Views on BG | September 13, 2001, Thursday // 00:00

Financial Post – Canada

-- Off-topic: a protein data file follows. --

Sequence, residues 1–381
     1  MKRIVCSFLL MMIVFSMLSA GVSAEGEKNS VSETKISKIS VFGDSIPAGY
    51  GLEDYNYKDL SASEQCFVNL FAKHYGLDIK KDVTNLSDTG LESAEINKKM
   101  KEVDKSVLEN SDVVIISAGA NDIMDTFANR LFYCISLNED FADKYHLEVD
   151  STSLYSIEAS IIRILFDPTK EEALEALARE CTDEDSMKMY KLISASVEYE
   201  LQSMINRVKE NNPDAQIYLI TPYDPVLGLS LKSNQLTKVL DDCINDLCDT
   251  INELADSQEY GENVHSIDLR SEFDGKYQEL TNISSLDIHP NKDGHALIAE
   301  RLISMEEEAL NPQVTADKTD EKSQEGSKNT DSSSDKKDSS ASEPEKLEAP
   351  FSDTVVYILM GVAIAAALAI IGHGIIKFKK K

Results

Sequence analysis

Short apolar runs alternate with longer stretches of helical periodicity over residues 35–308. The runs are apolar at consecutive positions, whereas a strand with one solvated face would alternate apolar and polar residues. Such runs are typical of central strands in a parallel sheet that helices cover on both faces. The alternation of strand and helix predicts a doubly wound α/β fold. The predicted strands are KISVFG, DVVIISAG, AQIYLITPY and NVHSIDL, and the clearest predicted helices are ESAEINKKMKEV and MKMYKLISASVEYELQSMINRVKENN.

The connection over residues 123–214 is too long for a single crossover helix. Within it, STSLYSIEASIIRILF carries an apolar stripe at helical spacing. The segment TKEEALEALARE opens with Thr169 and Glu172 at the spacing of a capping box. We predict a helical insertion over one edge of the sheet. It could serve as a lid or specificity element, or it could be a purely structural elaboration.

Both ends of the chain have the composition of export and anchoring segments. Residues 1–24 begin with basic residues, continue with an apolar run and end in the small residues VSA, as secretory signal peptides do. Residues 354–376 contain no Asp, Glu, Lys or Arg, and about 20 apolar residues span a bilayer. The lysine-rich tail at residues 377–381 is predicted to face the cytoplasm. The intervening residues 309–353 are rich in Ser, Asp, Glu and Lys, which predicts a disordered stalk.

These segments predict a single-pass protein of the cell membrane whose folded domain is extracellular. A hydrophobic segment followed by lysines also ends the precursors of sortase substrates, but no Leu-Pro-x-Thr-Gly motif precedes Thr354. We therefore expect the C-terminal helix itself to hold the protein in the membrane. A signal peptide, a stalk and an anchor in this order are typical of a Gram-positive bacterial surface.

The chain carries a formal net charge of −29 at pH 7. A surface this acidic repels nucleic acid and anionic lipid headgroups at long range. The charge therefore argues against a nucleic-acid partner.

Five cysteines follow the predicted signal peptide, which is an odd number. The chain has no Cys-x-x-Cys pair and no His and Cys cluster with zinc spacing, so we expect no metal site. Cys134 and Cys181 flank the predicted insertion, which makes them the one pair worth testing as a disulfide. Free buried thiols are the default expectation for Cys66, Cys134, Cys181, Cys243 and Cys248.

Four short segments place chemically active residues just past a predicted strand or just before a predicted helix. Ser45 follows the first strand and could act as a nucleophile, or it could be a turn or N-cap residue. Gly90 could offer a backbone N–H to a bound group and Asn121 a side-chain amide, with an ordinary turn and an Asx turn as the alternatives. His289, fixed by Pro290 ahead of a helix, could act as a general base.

Commerzbank AG said merger talks with Italy`s UniCredito Italiano SpA had ended, in the second time in 14 months it had failed to combine with a rival, and the firm now plans to step up cost-cutting efforts as profits slump. Investors want Germany`s fourth-largest bank to merge because its return on equity, at 4.5%, is among the lowest in Europe. Profits fell 87% in the second quarter and its shares have lagged those of competitors, including Deutsche Bank AG, over the past five years. `Commerzbank is too small and hasn`t been a good investment for years,` said Michael Trauth, who helps manage US$8-billion at Baden Wuerttembergische Kapitalanlagegesellschaft in Stuttgart. The company`s management should be focusing on getting `the house in order,` he said. Commerzbank began talks with UniCredito, Italy`s No. 2 bank, after the German bank`s new chief executive, Klaus-Peter Mueller, said last month he would discuss mergers. The talks collapsed because `it`s not possible to do such a transaction in the current market conditions,` said Peter Pietsch, a Commerzbank spokesman. Milan-based UniCredito, led by chief executive Alessandro Profumo, spent US$1.2-billion last October to buy U.S. money manager Pioneer Group Inc. Its other acquisitions in the year included Bulbank AD, Bulgaria`s biggest bank, for 360 million euros ($515-million) and 51% of Slovakia`s Polnobanka for 30 million euros. Commerzbank has been under pressure from investor group Cobra, which controls 10% of the bank, to find a partner since negotiations with Dresdner Bank AG collapsed in July, 2000. Commerzbank remains open to the idea of a merger, Mr. Pietsch said. Mr. Mueller, who took over as CEO in May, has said he`ll cut costs by 240 million euros this year by freezing hiring, scrapping some information-technology projects and closing 150 branches. `One can assume that further cost-cutting measures will be initiated,` Mr. Pietsch said yesterday, without being more specific. In the second quarter, costs at the Frankfurt-based bank rose 16% to 1.48 billion euros, marking the sixth straight quarter that expenses rose by 15% or more. `It makes sense for Commerzbank to cut fat where there is fat but not muscle,` said Patrick Lemmens, an analyst at ABN Asset Management in Amsterdam. `The German banks aren`t down to muscle yet.` Deutsche Bank AG and HypoVereinsbank AG, Germany`s two biggest banks, also are trying to reduce expenses to revive earnings as revenue from the securities business and retail banking falls along with financial markets. Deutsche Bank has said it plans to eliminate 2,600 jobs through 2003 and Munich-based HVB is working on cutting 5,500 staff. While discussions with UniCredito never got to a `concrete` stage, the banks were aiming at a cross-border combination, Mr. Pietsch said. The Financial Times Deutschland said the talks ended because Commerzbank was asking for too high a price.

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